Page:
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Re: PREPARING INSTRUMENTS for LOOPING (and any other performance)



A long, long time ago (~1996), prepared guitar was one of the big things I did. I wasn't terribly good at it.

I was a big fan of "drumstick as an alternate bridge". This requires you to tune the strings down so that they won't snap when you wedge a 1/2" drumstick underneath. You can use the drumstick as a tremolo bar. You can grab it with your hand and move the bridge, like Bradford Reed (http://www.youtube.com/watch?v=Btkf0BxM2Fo - apologies for the hippy-dancing cameraperson). You can also swat the drumstick with your hand and get a nice vibrating sound. If you are not also a drummer, consider trading a new pair of sticks for a drummer's old beat-up sticks. They make great sounds when you pull them under the strings.

I also enjoyed textured metal slides. I used to be good with a 9v battery, that after a year or so of use had lots of nice peaks and valleys in it. (I'd move the slide perpendicularly across the strings to make sound, so that I didn't need a pick.) I also used a textured metal handle from an exacto knife. (With the blade removed.) Without this, I'd maybe take a screwdriver or knitting needles and see if I can rough up the texture with some coarse sandpaper or something.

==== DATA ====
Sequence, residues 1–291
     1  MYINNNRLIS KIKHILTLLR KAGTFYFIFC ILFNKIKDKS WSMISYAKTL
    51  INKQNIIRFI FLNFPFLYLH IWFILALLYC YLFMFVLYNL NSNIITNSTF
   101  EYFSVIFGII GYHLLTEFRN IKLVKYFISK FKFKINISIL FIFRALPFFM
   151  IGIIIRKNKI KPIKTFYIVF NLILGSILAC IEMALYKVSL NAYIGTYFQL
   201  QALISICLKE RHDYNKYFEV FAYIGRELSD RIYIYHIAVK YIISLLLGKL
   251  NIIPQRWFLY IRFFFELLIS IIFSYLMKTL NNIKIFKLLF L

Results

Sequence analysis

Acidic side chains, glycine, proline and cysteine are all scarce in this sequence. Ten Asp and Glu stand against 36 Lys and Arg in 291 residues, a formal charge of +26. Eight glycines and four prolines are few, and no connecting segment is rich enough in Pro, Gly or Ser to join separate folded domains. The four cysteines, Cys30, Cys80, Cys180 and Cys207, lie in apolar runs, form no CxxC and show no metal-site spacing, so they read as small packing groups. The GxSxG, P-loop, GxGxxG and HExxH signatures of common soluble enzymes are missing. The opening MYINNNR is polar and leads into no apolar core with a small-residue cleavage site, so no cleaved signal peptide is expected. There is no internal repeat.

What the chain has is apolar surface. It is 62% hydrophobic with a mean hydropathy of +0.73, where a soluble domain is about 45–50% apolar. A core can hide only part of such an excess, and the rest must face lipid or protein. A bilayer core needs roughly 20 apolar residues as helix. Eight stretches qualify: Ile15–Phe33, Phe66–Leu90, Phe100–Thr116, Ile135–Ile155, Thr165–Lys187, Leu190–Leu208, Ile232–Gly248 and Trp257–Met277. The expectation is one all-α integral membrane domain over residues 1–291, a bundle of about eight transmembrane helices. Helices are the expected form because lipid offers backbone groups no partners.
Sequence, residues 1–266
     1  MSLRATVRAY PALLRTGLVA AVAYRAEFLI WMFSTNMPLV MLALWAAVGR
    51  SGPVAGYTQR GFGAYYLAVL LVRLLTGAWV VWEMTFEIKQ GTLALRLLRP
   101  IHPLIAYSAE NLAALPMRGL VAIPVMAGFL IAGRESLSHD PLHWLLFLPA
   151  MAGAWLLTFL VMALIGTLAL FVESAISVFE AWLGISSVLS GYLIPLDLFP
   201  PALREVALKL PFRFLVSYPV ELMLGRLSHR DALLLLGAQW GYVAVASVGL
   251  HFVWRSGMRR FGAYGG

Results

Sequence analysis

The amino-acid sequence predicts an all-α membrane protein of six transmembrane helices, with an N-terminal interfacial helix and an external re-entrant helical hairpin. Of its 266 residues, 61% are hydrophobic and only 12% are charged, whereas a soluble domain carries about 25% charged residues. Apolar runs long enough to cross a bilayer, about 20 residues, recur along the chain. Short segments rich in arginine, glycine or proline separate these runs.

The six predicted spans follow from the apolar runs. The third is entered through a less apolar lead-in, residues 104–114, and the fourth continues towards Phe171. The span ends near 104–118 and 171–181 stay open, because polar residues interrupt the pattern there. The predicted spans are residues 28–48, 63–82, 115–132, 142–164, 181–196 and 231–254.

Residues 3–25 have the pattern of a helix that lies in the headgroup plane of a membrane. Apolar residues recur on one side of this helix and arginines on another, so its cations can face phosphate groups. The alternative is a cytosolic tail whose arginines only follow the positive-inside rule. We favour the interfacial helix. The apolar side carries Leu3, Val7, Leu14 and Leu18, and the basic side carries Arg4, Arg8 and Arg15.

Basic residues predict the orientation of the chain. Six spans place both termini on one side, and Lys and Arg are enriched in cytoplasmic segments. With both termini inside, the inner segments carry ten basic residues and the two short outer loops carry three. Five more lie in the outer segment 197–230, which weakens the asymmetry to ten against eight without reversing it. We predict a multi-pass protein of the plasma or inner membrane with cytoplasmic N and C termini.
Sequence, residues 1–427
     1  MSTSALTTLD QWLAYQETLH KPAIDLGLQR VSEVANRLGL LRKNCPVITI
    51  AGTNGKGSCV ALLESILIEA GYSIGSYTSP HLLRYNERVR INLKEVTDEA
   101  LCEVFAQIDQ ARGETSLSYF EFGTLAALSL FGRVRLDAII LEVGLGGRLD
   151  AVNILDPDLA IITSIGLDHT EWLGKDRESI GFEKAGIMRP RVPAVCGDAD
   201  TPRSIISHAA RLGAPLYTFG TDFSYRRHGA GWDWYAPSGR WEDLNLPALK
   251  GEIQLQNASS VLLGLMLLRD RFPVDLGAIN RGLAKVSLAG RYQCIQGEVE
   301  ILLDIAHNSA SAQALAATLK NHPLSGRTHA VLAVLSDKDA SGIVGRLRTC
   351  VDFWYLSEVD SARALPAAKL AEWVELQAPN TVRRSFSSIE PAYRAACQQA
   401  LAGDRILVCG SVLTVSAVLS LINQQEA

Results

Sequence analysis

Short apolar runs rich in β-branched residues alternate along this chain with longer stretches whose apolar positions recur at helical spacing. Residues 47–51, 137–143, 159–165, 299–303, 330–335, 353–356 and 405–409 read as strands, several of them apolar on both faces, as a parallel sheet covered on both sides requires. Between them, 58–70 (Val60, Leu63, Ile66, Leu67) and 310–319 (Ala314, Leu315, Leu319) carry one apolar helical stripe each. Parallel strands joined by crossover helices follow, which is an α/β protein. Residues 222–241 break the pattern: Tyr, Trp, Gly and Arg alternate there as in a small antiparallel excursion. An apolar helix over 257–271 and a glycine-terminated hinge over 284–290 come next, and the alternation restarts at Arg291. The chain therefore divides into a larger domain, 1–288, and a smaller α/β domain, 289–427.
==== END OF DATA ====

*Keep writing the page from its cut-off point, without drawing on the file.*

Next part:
A regular slip of paper threaded through the strings can make a nice buzzing sound.

Fred Frith frequently uses a silk ribbon to get nice sounds...you can tell that takes a lot of practice, though.


--
Matt Davignon
mattdavignon@gmail.com
www.ribosomemusic.com
Podcast! http://ribosomematt.podomatic.com

Rick Walker <looppool@cruzio.com> was all:
Tony's post about Bart Hopkins new book on Guitar Preparation got me inspired.

I have experimented with a lot of different ways to "prepare" instruments for unconventional
performance.

I thought it would be cool to assemble all the different creative ways everyone on this list has
figured out how to 'prepare' an instrument.